Most of us fear change. It’s not a great recipe for effective living—since life is always changing. Why is it that change can feel so threatening? The basic problem, according to Michael Singer, author of The Untethered Soul, is that somewhere we decided that we are not ok, and we need to find a way to fix that problem. Our minds then try to get the outside world into a fixed, permanent state that feels safe. When fear of change arises our tendency is to go into denial of that fear and start reacting to the world. This puts us into an unconscious, neurotic state of handling life’s challenges.
We tend to want to control the world and build an isolated bunker where we can feel safe: making money the main goal in life, staying stuck in a “safe” government job, fighting for a bad marriage, believing you are trapped, never leaving your hometown for fear of the unfamiliar, turning down a promotion because you will have to move, eating, drinking, or taking drugs to numb the fear of change.
Still, maybe you do believe you have life safely arranged but regardless of how hard you try, life keeps changing: your boyfriend wants to move in, the house burns down, the rich spouse gets sick and can’t work, the kids your life revolved around leave for college, someone dies, the business starts to fail, the business succeeds and consumes all your time, the government lays you off, you fall in love with your married coworker, you’re in an addiction from medicating fear, you get promoted and sent to China—life just won’t stand still and let you be.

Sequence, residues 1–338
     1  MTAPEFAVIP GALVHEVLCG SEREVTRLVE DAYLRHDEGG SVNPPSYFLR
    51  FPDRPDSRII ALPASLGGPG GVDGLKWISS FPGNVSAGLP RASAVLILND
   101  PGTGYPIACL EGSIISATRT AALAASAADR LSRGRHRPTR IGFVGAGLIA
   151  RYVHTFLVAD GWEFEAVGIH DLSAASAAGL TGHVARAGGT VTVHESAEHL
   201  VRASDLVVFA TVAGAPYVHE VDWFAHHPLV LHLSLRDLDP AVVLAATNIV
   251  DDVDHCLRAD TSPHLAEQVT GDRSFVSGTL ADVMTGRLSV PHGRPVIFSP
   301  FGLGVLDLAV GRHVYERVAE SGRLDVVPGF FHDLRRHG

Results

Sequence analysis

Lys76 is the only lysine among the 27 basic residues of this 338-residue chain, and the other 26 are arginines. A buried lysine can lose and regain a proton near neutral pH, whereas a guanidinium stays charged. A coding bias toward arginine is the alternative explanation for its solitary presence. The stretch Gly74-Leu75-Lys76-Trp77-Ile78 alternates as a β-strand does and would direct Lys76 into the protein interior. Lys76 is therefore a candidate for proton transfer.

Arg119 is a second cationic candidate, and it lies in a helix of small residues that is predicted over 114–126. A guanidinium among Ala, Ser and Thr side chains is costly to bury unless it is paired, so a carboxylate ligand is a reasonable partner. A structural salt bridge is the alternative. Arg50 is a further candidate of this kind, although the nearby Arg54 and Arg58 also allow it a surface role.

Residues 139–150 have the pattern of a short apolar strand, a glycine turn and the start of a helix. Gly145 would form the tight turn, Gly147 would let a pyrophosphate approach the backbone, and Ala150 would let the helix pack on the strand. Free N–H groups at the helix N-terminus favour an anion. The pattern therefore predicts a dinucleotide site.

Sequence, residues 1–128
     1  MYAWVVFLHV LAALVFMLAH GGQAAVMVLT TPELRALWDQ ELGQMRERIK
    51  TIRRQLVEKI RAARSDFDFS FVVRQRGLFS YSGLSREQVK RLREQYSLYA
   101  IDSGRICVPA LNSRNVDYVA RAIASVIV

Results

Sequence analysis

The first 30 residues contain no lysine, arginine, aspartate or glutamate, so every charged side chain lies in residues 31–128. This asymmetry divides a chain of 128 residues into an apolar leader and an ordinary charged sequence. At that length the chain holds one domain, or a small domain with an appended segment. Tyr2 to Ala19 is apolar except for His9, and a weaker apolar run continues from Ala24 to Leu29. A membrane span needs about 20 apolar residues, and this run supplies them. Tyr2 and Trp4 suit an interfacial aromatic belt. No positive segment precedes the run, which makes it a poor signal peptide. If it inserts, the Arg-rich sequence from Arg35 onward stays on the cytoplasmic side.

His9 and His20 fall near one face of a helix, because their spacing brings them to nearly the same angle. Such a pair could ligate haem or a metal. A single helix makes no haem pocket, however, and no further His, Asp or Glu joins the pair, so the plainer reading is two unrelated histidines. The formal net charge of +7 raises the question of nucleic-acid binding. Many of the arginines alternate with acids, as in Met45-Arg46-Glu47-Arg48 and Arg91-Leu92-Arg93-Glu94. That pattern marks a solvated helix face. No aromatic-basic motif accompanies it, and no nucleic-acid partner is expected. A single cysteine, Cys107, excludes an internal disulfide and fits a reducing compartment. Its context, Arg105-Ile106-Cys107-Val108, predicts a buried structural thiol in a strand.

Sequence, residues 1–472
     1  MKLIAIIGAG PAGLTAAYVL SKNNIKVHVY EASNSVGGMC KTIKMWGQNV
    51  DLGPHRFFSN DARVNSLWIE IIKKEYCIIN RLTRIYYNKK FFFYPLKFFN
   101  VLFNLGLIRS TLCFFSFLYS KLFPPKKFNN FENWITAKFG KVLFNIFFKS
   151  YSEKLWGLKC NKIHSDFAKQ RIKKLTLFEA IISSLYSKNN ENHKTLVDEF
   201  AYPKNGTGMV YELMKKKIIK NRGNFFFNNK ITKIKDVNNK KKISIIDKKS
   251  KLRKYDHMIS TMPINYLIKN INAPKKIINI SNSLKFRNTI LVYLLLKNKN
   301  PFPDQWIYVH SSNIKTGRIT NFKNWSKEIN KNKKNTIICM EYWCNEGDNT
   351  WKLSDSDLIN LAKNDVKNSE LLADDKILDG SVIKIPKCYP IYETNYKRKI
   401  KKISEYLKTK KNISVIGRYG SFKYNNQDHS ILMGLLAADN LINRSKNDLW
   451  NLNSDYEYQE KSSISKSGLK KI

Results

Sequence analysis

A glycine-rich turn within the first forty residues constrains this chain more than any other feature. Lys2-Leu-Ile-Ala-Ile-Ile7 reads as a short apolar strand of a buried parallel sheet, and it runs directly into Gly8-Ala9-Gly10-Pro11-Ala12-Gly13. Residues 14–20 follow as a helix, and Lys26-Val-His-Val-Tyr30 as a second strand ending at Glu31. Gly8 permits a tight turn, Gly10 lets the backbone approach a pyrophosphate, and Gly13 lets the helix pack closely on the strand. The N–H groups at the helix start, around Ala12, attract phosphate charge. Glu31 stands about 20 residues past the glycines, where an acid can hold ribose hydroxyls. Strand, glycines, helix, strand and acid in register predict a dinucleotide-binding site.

Singer says that our job is not to make life a predictable, static thing that never changes so we can feel ok. He recommends that with mindfulness training we learn to watch the fear, allow it to move through our hearts, and release it. This may sound over simplistic but see if you can experiment with it. The next time you are in a state of fear around change start focusing on your breathing, allow the fear to come up, see if you can watch it without any attempt to move away. You may find that the fear gets bigger but then actually moves through and dissipates with this simple practice. After the fear is alleviated your thinking will also be clearer on how to make decisions to handle change most effectively. Remember, mindfulness needs to be practiced continually to be effective. When change is coming to you the neurotic mind is often looking for a way to take control and build a bunker against it. You are stronger than that. Take a breath, watch the change monster rising, stay with it, and see it transformed into a little kitten.
Below Michael Singer talks to Oprah about facing the change monster: